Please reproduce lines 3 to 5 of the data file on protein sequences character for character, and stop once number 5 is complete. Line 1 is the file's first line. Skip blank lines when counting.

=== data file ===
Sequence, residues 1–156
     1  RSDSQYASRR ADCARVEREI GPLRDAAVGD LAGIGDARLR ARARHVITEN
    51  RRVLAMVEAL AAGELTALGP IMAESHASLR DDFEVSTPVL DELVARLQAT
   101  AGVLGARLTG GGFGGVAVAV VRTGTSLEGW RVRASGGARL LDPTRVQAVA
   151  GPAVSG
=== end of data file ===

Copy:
    51  RRVLAMVEAL AAGELTALGP IMAESHASLR DDFEVSTPVL DELVARLQAT
   101  AGVLGARLTG GGFGGVAVAV VRTGTSLEGW RVRASGGARL LDPTRVQAVA
   151  GPAVSG